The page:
Military and Police

Navy SEAL Edward Gallagher: The Vindication of a Hero

The prosecution of Special Operations Chief Edward (Eddie) Gallagher, the 39-year-old Navy SEAL who has been in the news for much longer than he should have been, is settled today. The long-tried verdict was “Not guilty” of all but one minor charge.

One year after returning from his eight overseas deployment to Iraq, Gallagher was arrested on Sep. 11 (an ironic date) and was held in the Miramar Brig.

Gallagher was accused of firing on civilians, obstruction of justice, and possession of controlled substances as well as posing with a dead ISIS fighter and murder of that ISIS prisoner.

These charges were introduced at an Article 32 hearing, the standard procedure for the military justice system.

The execution was said to have occurred after the Iraqi Army wounded the fighter during an air strike. They then turned the ISIS fighter over to U.S. SEAL team 7 for medical assistance. Gallagher has been accused of executing the ISIS fighter by stabbing him in the neck with a hunting-type knife.

After the execution, prosecutors claim that Gallagher posed with the body of the ISIS fighter in violation of U.S. military regulations. He was also accused of conducting a re-enlistment ceremony next to the corpse.

The prosecution accused Gallagher of firing on noncombatants and placing civilians in danger. He was also accused of wrongly firing on noncombatants at least once during his deployment to Iraq in 2017.

The drug charges stemmed from accusations Gallagher consumed, without prescription, the opioid tramadol hydrochloride, multiple times during his deployment. He was also accused of using the performance-enhancing steroid Sustanon-250, a testosterone injection, while in San Diego in June 2018.

Tramadol is commonly prescribed on deployment. It is just a step up from Motrin (internally called ranger candy). It is not a powerful opioid at all, in my opinion.

Gallagher also allegedly urged members of his SEAL platoon to refrain from discussing his actions in Iraq with investigators. The charges, centered on complaints of his team, were characterized by the defense as a way to get back at a leader his team did not like and wanted to retaliate against for his tough style of leadership and repeatedly placing them in dangerous situations, something for which SEALs are superiorly trained and stellar.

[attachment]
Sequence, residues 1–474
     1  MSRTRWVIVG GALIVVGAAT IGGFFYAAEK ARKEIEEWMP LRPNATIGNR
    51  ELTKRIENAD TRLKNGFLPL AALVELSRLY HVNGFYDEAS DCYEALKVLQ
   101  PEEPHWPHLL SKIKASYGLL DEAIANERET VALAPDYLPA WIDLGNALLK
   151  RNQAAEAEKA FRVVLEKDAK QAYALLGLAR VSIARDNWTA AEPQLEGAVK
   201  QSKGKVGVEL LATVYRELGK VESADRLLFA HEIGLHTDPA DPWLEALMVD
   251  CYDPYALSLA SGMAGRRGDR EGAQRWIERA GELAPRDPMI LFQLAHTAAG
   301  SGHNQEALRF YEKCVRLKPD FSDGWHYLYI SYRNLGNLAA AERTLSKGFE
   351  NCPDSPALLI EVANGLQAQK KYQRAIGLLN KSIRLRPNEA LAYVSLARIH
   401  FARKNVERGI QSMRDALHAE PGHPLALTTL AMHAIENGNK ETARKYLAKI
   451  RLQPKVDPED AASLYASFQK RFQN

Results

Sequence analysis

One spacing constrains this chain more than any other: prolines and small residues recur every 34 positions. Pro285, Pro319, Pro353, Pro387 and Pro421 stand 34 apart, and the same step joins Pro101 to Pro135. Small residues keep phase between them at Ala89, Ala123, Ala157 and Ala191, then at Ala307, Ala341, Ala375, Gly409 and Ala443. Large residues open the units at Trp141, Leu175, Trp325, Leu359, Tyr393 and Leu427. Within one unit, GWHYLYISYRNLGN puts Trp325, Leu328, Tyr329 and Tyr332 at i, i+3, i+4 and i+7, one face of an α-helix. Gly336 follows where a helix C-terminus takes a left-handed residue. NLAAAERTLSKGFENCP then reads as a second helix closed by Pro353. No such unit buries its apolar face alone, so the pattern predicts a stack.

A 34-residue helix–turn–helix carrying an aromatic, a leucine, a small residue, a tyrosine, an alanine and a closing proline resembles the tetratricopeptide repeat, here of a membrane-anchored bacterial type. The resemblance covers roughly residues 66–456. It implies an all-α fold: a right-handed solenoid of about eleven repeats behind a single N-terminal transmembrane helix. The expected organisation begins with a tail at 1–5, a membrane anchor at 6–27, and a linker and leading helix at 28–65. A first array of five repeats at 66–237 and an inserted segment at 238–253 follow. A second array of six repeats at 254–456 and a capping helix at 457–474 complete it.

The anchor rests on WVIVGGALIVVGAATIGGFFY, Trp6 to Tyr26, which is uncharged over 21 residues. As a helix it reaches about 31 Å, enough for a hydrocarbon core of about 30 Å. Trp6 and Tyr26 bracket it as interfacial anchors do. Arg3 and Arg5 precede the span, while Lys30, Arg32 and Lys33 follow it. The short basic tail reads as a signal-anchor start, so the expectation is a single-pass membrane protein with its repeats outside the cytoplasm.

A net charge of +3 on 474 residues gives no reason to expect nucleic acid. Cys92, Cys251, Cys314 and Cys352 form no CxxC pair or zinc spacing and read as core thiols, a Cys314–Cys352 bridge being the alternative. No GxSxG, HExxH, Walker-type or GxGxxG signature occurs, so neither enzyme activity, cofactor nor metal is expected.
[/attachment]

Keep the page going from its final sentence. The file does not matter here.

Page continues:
This is the official tally of charges:

Charge Sheet[8]
CMJ Article Charge/Specification
Article 118 Found Not Guilty of Premeditated Murder
Article 128 Found Not Guilty of Aggravated Assault with a Dangerous Weapon x2 on non-combatants
Article 134 Found Not Guilty of Firearm, discharging-willfully, under such circumstances as to endanger human life at non-combatants
Article 134 Found Not Guilty of Obstructing Justice x3
Article 134 Found Guilty of Wrongfully pose for an unofficial picture with a human casualty
Article 134 Found Not Guilty of Wrongfully complete reenlistment ceremony next to a human casualty
Article 134 Found Not Guilty of Wrongfully Operate a drone over a human casualty
Article 112a Found Not Guilty of Wrongful Use of a Controlled Substance – Tramadol Hydrochloride
Article 112a Found Not Guilty of Unlawful Possession of a Controlled Substance – Sustanon-250

In the end, Edward Gallagher was only found guilty of posing with the dead ISIS fighter. He can face a maximum of four months confinement, something he has already served. This charge does not allow for a dishonorable discharge.  In the end, Edward ( Eddie) Gallagher’s order by the very government he has dedicated his life to is over.

Eddie Gallagher is an American hero. The treatment of this warrior, one who served 19 years in the service of his country, is a stain and illustrates how our country treats service members that it puts in impossible positions. This is the country eating it’s own young. And it is disgraceful.

The opinions expressed here by contributors are their own and are not the view of OpsLens which seeks to provide a platform for experience-driven commentary on today's trending headlines in the U.S. and around the world. Have a different opinion or something more to add on this topic? Contact us for guidelines on submitting your own experience-driven commentary.
Jon Harris

Jon Harris is a former Army NCO, Sergeant Morales Club member, civilian law enforcement officer, and defense contractor with over 30 years in the law enforcement community. He is published in Army Trainer Magazine, authored regular columns in several newspapers, and is the author of the Cold War novel Breakpoint. His adventures as a security contractor in Afghanistan and Iraq can be found on www.dispatchfromdownrange.com. He holds a B.S. in Government and Politics and an M.S. in Criminal Justice and is currently completing his Juris Doctor degree.

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